“The band is certainly intrigued by sounds other than the straight ahead approach of guitar/bass/drums,” says lead vocalist/guitarist James Snyder. “This is the first recording which we’ve used anything besides that, i.e. piano, bells, triangles… We wanted to colorize the record a bit more so that even after 500 listens there would still be something that you hadn’t heard before. I dig records like that.”

Throughout its near-decade of existence, the quartet has made its fair share of digable records. The band formed at the beginning of the 90’s, while the guys were still in high school. Since they rehearsed in guitarist/vocalist Dave Weston’s basement, they took his surname in tribute to his parents, who occasionally get recognized in Bethlehem because of the name.

Along with bassist/vocalist Jesse Short and drummer Jeremiah Attanasio, Weston quickly emerged from the basement, earning a reputation for hook-laden songs and an energetic live show. The band’s first album, A Real Life Story Of Teenage Rebellion was released in 1994. Followed by 1995’s Splitsville (a collection of 7″ and compilation releases), 1996’s Got Beat Up, 1997’s Matinee and 1998’s Return To Mono (a Japan only release).

In 1997, Matt Pinfield included Weston’s album, Matinee, in his Top 10 list on MTV’s 120 Minutes. The New York Times also chose them as one of the top 10 unsigned bands. They have performed or toured with such notable acts as The Descendents, MXPX, The Mighty Mighty Bosstones, Less Than Jake, Goldfinger, Reel Big Fish, as well as on part of 1997’s Warped Tour.

The new album borrows its title from an oft-used phrase by John Lennon during the making of Sgt. Pepper’s Lonely Hearts Club Band. After the basic tracks were recorded, Lennon would ask producer George Martin, “And after this we’ll have the Massed Alberts, won’t we George?” The ‘Massed Alberts’ were an English comedy duo, of which one played the trumpet rather badly. With this, Lennon meant it was time to add the ‘clever stuff’, the brass.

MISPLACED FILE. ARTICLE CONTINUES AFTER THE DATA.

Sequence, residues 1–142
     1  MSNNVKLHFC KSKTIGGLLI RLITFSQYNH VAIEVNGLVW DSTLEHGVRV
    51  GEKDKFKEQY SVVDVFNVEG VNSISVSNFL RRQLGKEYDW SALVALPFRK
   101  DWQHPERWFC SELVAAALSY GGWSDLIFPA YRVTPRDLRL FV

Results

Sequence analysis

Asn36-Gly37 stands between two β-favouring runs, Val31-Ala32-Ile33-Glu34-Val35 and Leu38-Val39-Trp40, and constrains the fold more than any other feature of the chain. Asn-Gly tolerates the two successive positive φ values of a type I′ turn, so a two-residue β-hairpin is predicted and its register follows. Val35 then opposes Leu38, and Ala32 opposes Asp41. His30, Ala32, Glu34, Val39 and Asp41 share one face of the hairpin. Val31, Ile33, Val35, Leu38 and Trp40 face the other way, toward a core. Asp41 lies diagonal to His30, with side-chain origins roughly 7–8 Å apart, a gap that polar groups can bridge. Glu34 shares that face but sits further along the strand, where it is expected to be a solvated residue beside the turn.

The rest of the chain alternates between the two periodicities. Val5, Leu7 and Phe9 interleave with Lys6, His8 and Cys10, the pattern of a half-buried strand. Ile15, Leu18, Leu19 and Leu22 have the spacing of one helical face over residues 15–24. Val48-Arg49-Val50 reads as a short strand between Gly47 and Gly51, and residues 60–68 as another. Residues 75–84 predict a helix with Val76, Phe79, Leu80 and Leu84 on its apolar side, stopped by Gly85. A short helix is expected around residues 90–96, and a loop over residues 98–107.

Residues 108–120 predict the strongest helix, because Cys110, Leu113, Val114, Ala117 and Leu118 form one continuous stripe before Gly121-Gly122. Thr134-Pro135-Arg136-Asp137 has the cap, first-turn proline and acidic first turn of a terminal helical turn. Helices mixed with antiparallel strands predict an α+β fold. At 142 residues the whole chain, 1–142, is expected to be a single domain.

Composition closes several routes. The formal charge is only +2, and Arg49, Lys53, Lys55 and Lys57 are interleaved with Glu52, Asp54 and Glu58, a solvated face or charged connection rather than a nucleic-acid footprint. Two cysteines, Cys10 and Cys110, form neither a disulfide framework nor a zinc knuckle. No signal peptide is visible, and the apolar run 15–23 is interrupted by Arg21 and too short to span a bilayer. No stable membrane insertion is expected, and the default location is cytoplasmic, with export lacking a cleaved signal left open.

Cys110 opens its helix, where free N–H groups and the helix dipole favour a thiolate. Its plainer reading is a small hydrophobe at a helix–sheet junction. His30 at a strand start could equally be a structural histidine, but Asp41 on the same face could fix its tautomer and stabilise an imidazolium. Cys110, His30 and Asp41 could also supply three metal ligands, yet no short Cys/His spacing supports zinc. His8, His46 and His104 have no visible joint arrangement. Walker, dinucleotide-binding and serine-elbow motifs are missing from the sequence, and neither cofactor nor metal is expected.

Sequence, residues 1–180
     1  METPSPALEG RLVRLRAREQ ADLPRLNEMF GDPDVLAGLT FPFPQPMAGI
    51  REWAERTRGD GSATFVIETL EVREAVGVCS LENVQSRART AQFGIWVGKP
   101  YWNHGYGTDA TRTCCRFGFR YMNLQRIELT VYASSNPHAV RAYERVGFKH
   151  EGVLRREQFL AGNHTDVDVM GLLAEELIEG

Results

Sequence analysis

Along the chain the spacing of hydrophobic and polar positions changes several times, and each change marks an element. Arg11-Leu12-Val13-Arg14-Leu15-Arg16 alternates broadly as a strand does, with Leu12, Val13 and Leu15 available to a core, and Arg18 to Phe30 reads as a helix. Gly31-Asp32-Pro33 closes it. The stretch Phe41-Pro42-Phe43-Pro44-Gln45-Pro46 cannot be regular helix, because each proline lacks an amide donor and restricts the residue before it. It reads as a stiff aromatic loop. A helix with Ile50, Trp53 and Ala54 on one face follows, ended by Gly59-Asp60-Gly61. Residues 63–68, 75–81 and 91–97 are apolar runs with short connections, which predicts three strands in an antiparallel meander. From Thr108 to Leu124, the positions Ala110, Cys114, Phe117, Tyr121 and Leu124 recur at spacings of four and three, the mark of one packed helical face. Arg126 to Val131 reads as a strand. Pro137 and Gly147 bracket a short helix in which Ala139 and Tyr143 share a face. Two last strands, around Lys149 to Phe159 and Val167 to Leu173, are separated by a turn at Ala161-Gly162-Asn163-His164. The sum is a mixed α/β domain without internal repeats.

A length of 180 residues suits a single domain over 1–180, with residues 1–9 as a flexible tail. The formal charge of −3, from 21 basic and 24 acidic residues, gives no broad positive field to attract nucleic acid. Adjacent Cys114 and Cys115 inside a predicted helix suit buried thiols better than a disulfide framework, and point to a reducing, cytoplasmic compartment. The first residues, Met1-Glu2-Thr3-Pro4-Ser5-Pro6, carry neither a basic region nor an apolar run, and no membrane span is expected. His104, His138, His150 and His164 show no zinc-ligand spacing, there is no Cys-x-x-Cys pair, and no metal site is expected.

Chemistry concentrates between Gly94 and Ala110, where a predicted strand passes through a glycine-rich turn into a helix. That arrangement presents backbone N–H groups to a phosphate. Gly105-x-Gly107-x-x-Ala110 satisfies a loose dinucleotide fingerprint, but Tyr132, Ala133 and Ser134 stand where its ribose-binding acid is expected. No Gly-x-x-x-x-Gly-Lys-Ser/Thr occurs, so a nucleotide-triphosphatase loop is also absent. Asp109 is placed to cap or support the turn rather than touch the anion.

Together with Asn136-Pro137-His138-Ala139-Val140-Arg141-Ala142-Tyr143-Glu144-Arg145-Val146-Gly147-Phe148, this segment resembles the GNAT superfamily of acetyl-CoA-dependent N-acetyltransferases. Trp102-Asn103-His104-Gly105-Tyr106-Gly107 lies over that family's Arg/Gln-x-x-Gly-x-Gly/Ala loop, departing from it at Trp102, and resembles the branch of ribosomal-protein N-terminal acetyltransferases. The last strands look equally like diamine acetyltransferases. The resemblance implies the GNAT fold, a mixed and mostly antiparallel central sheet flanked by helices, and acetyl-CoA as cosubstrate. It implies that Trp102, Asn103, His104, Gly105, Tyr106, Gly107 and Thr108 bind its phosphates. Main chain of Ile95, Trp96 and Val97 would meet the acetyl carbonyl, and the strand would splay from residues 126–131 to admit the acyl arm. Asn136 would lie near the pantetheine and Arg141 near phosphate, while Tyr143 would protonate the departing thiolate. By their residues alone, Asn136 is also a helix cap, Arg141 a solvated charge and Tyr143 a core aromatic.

The Massed Albert Sounds lives up to the aspiration of the title, not because of the extra instrumentation, but because it sounds like an album. It opens with the power pop sugar of “I Just Quit Rock And Roll,’ before an orchestral segue breaks the album open with the thundering “To Some I’m Genius.” The record seesaws like that throughout, never losing an even keel of hooks and melodies. Produced by Snyder and the band and mixed by Mark Trombino (Jimmy Eat World, Blink 182) the bells and whistles and strings and horns are all there, but it’s not over-ornate; just do-it-yourself alternative rock that sounds professional and inspired all at the same time.

Ladies and gentlemen, for your listening pleasure, The Massed Albert Sounds.

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